Motorola's Moto X Specifications Have Been Leaked

Moto X

When Google spent $12.5 billion on purchasing Motorola Mobility last year users were expecting the acquisition to pump new life into the flailing company. However it has been over a year since the acquisition and we have yet to see the fruits of their labour which has led some to question the wisdom behind the purchase. While a couple of phones have been released by Motorola since the acquisition such as the RAZR HD, the Moto X promises to be the first phone designed from the ground up by Google which is why every Android user and their dog should be excited.

After many months of speculation and rumours the much fabled X-Phone or Moto X was finally confirmed to exist by Motorola CEO Dennis Woodside during the D11 conference. This phone will not only be designed in the US it will also be manufactured here as well as being available on all US carriers. While we now have a lot of information regarding the availability, expected release date and pricing of the device we have yet to get any real details on the hardware that will be powering the device. @evleaksthe supplier of the first image leak of the device has finally shed some light on the internals of the device.

Unfortunately the hardware listed is not what we have been hoping for; especially for a flagship device. Instead the Moto X is shaping up to be more of a midrange device rather than a flagship. The Moto X won't be sporting a quad-core CPU like most of its competitors, instead opting for a dual-core Snapdragon S4 Plus MSM8960 which is the same processor found on the current RAZR HD and RAZR M series. The screen is also slated to be a 720p display, while this is no means a low resolution it isn't the full 1080p displays that we have grown accustomed to from flagship devices of 2013. As for the rest of the hardware, the 2 GB of RAM, 16 GB of internal storage which should be microSD expandable along with a 10 megapixel rear and 2 megapixel front camera being powered by the latest version of Android 4.2.2 is what we have come to expect from today's devices. Don't despair at the disappointing hardware though because there have been rumours that the Moto X will be customisable and this may simply be one of the many configurations on offer. Our assistant editor Alexander Maxham has also pointed out that most users don't require all the power provided by the latest processors so perhaps opting a slightly slower SoC will allow Motorola to maximise the battery life on the device without it affecting the user experience.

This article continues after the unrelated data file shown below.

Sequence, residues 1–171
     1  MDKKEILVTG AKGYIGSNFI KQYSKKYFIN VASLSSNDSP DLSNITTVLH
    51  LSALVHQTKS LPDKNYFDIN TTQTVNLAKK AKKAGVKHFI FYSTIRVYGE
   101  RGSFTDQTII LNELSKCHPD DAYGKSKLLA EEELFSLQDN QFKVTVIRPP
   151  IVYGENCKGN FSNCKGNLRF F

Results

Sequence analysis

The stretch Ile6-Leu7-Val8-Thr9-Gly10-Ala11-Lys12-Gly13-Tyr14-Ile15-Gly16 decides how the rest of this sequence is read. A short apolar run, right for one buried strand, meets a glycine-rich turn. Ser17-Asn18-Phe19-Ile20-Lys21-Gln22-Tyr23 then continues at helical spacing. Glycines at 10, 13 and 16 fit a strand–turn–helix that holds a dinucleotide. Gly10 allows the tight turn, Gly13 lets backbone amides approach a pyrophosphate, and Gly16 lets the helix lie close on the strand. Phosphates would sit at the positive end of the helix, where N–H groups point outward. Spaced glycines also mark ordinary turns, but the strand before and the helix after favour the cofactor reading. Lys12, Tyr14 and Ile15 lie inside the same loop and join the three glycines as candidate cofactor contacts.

As with all rumours this should be taken with a grain of salt.